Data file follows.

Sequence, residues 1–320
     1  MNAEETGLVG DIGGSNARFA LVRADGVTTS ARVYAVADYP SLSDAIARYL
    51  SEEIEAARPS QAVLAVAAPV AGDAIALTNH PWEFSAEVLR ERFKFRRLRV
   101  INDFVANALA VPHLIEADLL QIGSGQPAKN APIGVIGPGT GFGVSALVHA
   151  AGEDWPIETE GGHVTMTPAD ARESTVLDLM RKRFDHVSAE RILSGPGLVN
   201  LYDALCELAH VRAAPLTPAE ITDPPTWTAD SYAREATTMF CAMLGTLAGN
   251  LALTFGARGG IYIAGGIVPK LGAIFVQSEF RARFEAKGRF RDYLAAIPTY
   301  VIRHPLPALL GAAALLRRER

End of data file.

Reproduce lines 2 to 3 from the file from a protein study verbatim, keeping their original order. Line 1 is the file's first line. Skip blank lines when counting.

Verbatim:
     1  MNAEETGLVG DIGGSNARFA LVRADGVTTS ARVYAVADYP SLSDAIARYL
    51  SEEIEAARPS QAVLAVAAPV AGDAIALTNH PWEFSAEVLR ERFKFRRLRV